Yet, for most of us, catching double entendres can be one of the great joys of language. In one sense, the poem by Robert Herrick given below can be read as simply being about seeing Julia wearing an attractive hairnet, and his desire to see her let her hair down.
Upon Julia's hair, bundled up in a golden net.
Tell me, what needs those rich deceits,
These golden toils, and trammel-nets,
To take thine hairs when they are known
Already tame, and all thine own?
’Tis I am wild, and more then hairs
Deserve these meshes and those snares.
Set free thy tresses, let them flow
As airs do breathe, or winds do blow:
And let such curious net-works be
Less set for them, then spread for me.
Herrick was a 17th-century Anglican cleric, so Alfred T. Palmer’s glamorous WWII photograph of a woman working on the bombardier nose section of a B-17F navy bomber in Long Beach, CA is obviously anachronistic. But seeing how pretty she looks, with her hairnet matching her jacket, it is easy to understand Herrick’s desire to see Julia set her tresses free. Seeing her hair bundled up makes him long to see her let it down.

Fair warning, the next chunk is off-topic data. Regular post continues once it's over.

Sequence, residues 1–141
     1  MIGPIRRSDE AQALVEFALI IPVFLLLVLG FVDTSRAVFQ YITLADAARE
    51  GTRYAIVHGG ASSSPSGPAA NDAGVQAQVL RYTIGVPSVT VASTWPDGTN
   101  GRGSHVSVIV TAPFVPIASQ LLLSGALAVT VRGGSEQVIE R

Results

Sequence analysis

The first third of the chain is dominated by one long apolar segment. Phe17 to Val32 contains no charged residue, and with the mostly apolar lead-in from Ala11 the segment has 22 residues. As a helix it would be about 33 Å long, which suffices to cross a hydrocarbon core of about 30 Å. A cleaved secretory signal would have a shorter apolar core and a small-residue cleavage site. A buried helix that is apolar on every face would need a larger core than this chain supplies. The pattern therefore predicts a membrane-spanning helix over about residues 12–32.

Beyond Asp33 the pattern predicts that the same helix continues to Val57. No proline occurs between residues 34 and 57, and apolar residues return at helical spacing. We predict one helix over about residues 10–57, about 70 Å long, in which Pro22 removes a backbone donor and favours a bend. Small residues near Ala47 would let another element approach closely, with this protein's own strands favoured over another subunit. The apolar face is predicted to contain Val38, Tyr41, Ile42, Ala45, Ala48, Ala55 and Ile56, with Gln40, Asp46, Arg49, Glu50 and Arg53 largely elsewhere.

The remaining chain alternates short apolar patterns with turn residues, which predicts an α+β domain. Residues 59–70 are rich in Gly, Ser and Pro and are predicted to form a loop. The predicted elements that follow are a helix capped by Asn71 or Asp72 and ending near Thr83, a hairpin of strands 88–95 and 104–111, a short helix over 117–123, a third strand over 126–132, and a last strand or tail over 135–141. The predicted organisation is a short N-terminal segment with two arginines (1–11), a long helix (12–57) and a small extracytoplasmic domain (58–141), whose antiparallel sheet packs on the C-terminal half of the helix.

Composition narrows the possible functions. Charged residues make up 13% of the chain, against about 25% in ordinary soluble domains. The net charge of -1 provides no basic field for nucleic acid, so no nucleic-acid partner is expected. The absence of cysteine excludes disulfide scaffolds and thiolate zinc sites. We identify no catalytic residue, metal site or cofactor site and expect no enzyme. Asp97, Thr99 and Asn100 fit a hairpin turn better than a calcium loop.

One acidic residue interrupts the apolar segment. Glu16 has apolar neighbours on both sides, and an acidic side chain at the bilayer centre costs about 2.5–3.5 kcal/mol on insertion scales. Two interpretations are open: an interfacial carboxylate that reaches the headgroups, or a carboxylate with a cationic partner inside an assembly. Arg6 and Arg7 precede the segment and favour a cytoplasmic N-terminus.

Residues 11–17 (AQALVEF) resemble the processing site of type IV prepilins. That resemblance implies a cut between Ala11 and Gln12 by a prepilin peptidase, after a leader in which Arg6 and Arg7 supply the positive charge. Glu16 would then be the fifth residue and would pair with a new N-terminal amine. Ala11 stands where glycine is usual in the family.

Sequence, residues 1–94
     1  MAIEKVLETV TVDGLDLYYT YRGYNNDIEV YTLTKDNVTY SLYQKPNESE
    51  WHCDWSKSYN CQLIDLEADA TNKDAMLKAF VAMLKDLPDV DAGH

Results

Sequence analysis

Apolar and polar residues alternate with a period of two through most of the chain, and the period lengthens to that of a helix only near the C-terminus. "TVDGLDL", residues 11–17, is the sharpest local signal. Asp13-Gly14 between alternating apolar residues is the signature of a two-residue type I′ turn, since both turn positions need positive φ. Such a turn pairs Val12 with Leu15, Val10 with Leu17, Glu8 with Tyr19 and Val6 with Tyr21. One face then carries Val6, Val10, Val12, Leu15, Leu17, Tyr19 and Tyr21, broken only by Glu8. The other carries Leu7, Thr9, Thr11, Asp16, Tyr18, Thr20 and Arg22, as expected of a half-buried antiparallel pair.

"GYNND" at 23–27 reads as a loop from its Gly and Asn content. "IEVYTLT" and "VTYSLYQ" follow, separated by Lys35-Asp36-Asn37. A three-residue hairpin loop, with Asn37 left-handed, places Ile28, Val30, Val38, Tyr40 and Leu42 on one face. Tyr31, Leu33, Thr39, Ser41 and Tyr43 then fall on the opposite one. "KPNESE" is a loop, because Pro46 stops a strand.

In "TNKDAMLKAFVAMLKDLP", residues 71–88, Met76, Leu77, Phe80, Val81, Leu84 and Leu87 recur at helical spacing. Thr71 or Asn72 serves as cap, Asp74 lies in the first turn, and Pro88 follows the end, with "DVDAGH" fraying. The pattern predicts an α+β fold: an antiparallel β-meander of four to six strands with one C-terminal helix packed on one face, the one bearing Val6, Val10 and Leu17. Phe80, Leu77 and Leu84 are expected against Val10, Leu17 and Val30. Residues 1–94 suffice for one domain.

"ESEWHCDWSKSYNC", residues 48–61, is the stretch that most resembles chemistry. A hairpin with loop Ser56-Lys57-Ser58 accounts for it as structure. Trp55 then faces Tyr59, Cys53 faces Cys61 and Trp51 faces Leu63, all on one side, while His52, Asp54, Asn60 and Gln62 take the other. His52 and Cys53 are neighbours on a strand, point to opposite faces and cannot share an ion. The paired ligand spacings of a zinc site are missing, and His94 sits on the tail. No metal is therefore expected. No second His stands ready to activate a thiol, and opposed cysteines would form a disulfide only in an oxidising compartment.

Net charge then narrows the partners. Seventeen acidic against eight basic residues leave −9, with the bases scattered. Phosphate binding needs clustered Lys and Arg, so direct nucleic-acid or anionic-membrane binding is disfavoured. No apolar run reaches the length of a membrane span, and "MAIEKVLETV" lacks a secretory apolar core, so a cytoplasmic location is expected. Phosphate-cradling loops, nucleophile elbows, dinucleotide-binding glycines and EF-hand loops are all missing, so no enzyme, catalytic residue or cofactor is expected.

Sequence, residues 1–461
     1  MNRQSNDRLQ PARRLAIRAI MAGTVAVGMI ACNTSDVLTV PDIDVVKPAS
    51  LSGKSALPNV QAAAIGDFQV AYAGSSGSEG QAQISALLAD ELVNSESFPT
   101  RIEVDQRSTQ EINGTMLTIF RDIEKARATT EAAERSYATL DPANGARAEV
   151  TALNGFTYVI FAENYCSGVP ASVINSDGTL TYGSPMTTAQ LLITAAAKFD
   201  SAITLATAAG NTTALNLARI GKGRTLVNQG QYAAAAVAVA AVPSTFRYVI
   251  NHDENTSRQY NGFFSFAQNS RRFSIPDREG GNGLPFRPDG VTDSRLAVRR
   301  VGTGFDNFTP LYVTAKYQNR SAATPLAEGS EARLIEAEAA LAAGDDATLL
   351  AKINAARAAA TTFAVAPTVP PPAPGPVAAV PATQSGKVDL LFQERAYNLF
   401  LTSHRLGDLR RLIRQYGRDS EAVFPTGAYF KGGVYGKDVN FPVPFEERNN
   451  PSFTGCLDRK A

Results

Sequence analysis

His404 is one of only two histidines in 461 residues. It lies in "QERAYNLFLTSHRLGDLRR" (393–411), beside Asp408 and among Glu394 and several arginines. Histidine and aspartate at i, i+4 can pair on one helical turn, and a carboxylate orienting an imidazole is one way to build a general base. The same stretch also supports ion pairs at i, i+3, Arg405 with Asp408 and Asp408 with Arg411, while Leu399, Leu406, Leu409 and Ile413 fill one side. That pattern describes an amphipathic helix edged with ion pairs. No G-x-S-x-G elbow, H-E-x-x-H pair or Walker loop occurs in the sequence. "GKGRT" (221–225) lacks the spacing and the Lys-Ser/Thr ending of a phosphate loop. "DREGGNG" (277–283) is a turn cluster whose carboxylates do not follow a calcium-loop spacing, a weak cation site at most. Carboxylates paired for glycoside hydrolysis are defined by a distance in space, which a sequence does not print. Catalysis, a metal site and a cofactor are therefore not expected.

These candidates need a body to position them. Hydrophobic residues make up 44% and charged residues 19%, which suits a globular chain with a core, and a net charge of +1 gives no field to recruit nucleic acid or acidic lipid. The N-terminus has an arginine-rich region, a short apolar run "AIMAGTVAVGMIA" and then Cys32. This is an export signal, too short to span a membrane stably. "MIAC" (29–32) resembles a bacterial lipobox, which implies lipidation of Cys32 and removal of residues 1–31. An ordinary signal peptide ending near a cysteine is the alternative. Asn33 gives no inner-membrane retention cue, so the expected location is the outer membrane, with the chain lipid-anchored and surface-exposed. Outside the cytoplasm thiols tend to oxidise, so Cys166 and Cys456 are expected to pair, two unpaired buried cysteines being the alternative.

With Herrick, things are complicated. Julia was just one of Herrick’s many imaginary mistresses, though she was his favorite. Whether there was a real woman that inspired his Julia poems has long been debated. If Herrick saw a woman wearing a hairnet, it would have most likely been a snood, a hair covering that she perhaps wore to his church for modesty. The factory worker in the photograph is wearing a hairnet for safety, but the choice of color is clearly for adornment. And hair coverings can be both religiously modest and attractive. As Devorah declares about her head coverings, “modesty does not mean frumpy!”
Indeed. Elaborate snoods such as this one from Melanie Moore Designs are sometimes worn with wedding gowns and other formal gowns.